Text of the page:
ICE I: The Beginning

The idea of ICE was conceived in early 1998. A local manufacturer of Mexican food called Delimex had grown out of not only its current manufacturing plant, but also its newly opened plant in Otay Mesa. They began a search to build a relationship with a cold storage distribution warehouse to house its growing needs for frozen storage. They spoke to many groups, including all the local owners of current cold storage warehouses in search of the right “marriage”. The one that best fit was the talks with Hamann Construction, whom had not only built their current facility, but also owned the perfect location: a 5 acre parcel right next door to their brand new production facility.

Once negotiations between Hamann and Delimex were in the final stages, an exceptional team of managers and supervisors was assembled. The original plan for ICE was to operate about 1,250,000 cubic feet of freezer space, and leave room for future growth in a dry warehouse built as part of a 3,700,000 cubic foot facility.

The future came faster than expected, as a local strawberry processor approached ICE during construction, and asked ICE to dedicate most of the remaining half of the property to them for blast freezing and storage of their products. To the credit of ICE’s owners, Jeff and Gregg Hamann, they took the bold step of building out the entire 3,700,000 cubic feet with freezer and blast freezing, and in May of 1999 ICE hit the ground running.

After a successful first year in business disaster hit our local economy with the Southern California electricity crisis. Rates shot out of control and ICE was doing everything it could to keep competitive pricing while trying different options to stabilize their costs for power. Energy can range anywhere from 15% to 30% ICE’s overhead, and it hurt profitability in its second year. But ICE stabilized the following year and the future again looked bright. As ICE steadily filled up, it became obvious that there was not only a potential for growth, but a critical need. ICE began to look at possible expansion.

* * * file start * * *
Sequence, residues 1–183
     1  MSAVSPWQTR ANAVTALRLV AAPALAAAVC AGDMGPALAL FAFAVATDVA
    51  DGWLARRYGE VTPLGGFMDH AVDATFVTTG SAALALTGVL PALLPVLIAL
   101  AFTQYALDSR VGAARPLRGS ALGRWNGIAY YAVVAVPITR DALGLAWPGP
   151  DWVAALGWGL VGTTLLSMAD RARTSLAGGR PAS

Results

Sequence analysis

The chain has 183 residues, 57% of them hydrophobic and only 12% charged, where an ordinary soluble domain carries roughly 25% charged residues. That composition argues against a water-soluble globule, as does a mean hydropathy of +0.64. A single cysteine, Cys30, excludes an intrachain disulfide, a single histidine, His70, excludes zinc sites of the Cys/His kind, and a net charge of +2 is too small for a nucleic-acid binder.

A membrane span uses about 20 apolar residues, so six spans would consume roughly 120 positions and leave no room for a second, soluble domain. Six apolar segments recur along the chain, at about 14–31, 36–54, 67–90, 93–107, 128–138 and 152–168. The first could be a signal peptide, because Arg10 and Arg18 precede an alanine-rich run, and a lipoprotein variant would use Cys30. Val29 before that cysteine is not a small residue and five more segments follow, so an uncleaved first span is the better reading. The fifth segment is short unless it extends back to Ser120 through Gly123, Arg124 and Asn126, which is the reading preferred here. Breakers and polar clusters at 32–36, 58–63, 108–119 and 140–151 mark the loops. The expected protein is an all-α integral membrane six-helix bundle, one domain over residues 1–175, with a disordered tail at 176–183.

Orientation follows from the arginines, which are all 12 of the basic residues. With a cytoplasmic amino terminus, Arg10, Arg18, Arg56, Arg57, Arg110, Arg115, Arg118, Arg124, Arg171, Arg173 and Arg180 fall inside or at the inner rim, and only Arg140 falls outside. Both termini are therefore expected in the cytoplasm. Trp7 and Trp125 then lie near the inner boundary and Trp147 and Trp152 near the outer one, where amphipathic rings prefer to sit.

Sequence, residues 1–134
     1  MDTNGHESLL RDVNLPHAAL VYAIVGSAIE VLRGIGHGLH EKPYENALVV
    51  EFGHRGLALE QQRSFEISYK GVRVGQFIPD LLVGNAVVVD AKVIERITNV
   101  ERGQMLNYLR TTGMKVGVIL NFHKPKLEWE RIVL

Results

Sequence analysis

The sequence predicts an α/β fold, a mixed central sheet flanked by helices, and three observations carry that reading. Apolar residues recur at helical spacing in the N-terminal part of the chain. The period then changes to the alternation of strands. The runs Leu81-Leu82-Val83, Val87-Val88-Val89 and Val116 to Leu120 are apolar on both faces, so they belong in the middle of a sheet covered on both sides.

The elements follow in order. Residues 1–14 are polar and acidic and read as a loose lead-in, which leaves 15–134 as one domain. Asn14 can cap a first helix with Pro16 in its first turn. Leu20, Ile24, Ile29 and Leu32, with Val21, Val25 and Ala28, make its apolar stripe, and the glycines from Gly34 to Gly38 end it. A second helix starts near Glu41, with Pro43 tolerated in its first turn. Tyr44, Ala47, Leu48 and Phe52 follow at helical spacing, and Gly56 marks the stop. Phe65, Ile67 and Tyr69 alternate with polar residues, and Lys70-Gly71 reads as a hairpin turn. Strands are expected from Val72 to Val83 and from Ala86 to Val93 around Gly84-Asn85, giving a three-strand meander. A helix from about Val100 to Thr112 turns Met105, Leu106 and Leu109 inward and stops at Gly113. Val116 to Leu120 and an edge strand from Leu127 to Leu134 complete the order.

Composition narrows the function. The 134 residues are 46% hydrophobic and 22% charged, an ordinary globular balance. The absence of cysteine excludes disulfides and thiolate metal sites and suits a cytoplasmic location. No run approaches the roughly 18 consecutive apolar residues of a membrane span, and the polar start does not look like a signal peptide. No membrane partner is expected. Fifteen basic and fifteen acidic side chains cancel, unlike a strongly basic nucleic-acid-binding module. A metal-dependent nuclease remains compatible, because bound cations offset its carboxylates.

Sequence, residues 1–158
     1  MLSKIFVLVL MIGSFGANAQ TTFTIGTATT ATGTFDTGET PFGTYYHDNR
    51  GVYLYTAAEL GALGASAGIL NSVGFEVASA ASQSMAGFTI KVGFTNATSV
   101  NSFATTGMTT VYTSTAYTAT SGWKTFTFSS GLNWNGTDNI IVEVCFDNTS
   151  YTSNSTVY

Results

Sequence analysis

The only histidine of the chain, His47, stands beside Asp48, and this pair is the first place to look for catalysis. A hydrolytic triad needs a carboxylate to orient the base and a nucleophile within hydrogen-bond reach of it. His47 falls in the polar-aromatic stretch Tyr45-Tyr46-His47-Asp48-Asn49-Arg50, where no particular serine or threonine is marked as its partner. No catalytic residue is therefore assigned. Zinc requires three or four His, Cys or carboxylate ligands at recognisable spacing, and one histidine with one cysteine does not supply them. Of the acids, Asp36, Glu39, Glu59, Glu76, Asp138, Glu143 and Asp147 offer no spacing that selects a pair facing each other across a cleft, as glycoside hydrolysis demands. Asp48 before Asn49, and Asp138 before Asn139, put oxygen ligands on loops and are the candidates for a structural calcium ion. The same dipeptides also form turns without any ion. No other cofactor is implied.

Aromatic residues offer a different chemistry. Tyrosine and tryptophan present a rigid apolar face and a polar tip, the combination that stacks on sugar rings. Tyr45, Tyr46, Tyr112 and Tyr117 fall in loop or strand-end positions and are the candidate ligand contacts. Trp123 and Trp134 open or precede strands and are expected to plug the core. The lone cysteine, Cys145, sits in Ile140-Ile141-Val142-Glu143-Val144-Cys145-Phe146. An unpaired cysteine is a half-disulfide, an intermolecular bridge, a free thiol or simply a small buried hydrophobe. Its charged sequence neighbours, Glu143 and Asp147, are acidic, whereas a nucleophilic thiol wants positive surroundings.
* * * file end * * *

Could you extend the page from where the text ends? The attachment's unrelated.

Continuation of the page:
ICE II: The Expansion

In response to high customer demand for additional warehouse space, Hamann Companies expanded the capabilities of ICE with a new 125,000 square foot (7,500,000 cubic foot) state of the art facility located about two miles south of our original cold storage location. This new, environmentally green building, which achieved LEED Gold Certification, added 29,000 pallet positions to our existing 11,000 position capacity. Due to the economic downturn that began in 2008, ICE 2, as it came to be called, was off to a slow start. Despite this obstacle, the facility was truly innovative, and served as a model for how energy efficient a facility that typically uses a large amount of energy could be run.

Due to relatively lower energy costs leading to the increased opportunity for more competitive pricing, and to a partnership with a local food distribution company to occupy the majority of our first building, ICE 2 began reaching its capacity every year at the height of the strawberry harvesting season. Each year for the next six years, our “slow” season became a little busier, until finally, we again required additional space to meet the varying needs of our growing customer base. At the beginning of 2018, we regained full use of our original facility.

Today, Innovative Cold Storage Enterprises, Inc. is proud to maintain a wide range of refrigerated warehousing services, including short term and monthly frozen storage, cooler storage, blast freezing, USDA exports, and cross docks. We stand ready to fulfill the demands of the ever changing landscape of refrigerated storage and cross-border business.